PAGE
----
This commentary is republished from an email Sen. Chris West sent to constituents and supporters.
By Chris West
Maryland State Senator
Ever since Donald Trump descended that escalator in 2015, I have been asked how I feel about Mr. Trump. Until now, I have nearly always declined to speak publicly about this subject because, first as a State Delegate and, since 2018, as a State Senator, my work representing my constituents has had nothing to do with Mr. Trump. I work on State issues, not federal issues. Mr. Trump has only focused on Washington, D.C., while I have focused exclusively on issues arising in Annapolis.
The exception to my refusal to publicly discuss Mr. Trump occurred following the 2020 Presidential Election. Shortly after the election, I spoke out publicly and stated that Mr. Trump had the right to pursue legal remedies in connection with an election that he alleged had been stolen through massive fraud. I urged people to accord to Mr. Trump the opportunity to pursue his claims in the courts. After his team had filed about 50 lawsuits and had lost every single one of them, however, I spoke out publicly a second time and stated that it was now time for Mr. Trump to concede defeat and congratulate Mr. Biden as the winner. Mr. Trump failed to do this and instead urged his followers to descend on Washington to fight on his behalf.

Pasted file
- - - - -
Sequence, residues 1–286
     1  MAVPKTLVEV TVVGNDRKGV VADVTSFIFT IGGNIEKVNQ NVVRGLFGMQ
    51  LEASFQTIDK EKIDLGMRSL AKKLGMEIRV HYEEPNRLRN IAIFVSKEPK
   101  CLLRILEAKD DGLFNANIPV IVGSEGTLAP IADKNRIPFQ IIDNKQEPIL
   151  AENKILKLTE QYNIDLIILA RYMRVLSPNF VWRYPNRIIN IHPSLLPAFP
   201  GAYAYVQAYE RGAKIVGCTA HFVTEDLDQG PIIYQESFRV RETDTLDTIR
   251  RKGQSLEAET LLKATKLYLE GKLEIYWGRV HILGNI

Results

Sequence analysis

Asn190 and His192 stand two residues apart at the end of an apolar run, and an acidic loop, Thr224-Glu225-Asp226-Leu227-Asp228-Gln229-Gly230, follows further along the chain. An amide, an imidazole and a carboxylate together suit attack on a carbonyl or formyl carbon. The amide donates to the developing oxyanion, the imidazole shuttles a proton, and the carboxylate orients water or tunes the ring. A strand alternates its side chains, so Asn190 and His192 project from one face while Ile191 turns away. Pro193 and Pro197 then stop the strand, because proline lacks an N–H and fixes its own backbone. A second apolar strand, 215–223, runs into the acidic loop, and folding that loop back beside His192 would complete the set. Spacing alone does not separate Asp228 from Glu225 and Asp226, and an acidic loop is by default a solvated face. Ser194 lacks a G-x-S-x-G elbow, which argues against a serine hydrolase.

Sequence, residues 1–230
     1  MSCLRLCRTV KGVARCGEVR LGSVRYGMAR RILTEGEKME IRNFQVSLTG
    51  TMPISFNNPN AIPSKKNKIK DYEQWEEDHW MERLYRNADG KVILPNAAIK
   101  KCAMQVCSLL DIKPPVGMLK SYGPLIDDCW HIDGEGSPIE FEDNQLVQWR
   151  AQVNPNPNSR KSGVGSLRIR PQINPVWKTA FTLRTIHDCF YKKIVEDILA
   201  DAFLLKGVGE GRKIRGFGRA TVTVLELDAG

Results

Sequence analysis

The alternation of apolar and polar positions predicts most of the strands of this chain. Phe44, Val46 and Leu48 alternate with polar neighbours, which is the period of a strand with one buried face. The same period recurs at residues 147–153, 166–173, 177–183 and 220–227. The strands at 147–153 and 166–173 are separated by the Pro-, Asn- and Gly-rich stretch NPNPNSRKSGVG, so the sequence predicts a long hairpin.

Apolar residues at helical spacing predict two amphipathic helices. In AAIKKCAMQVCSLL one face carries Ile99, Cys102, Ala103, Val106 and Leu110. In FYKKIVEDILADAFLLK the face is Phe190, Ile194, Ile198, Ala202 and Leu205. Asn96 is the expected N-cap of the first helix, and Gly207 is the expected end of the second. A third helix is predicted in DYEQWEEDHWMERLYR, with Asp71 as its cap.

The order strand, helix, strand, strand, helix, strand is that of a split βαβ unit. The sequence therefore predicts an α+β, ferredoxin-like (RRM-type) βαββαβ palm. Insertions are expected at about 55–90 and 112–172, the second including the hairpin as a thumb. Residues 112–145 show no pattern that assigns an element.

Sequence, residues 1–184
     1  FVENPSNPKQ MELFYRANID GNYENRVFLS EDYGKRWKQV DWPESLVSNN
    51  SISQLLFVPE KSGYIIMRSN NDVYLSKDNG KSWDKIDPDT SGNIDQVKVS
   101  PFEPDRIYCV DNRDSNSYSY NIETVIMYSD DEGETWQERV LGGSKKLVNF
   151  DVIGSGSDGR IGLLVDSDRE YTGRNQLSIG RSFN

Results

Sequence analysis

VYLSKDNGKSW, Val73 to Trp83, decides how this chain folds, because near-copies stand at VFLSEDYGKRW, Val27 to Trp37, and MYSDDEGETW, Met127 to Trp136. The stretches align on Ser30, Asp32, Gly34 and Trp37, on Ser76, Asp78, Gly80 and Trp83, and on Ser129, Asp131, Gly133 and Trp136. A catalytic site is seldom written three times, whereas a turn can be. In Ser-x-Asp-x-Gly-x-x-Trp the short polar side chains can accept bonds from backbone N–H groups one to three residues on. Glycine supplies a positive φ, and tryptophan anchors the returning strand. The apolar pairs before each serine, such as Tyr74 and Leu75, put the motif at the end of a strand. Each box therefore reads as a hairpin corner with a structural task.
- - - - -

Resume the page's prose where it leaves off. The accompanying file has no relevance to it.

On January 6, 2021, Mr. Trump sat silently, closeted in the White House for hours, while his supporters mounted a violent attack on the U. S. Capitol, breached the perimeter of the building and sought to prevent the Congress from certifying Mr. Biden as the winner of the election. The following day, I sent out a third message condemning Mr. Trump’s conduct as totally unacceptable and warranting censure at the very least.
Four election cycles
We have now gone through four election cycles in Maryland in which Mr. Trump made himself the center of attention, inspiring large turnouts of voters determined to send Mr. Trump a strong message of disapproval.
In the 2016 Presidential election, Mr. Trump won just 35% of the votes in Maryland. Two years later, in the 2018 gubernatorial election, although Larry Hogan won re-election by a large majority, nearly every other closely contested race in the State resulted in a Republican loss due to a heavy turnout by voters determined to take out their ire on Republican candidates.
In the 2020 Presidential election, Mr. Trump only won 32% of the votes in Maryland. In last year’s gubernatorial election, Mr. Trump’s endorsed candidate for Governor of Maryland won the GOP nomination and proceeded to run a disastrous campaign in which he only won 32% of the votes and caused many other Republican candidates up and down the ballot to lose their elections.
Now Mr. Trump is once again seeking the GOP nomination for President. He has been indicted twice, once by a highly partisan prosecutor in New York City for allegedly paying off a porn star and more recently by a highly professional career federal prosecutor for taking top secret national security documents with him to Florida and refusing to return them.
We can’t survive more losses
I don’t feel that either the national Republican Party or the Maryland Republican Party can survive another dismal loss under the Trump banner, and so, as one of the Maryland GOP’s senior elected officials, I think I should step forward at this time to make my views publicly known.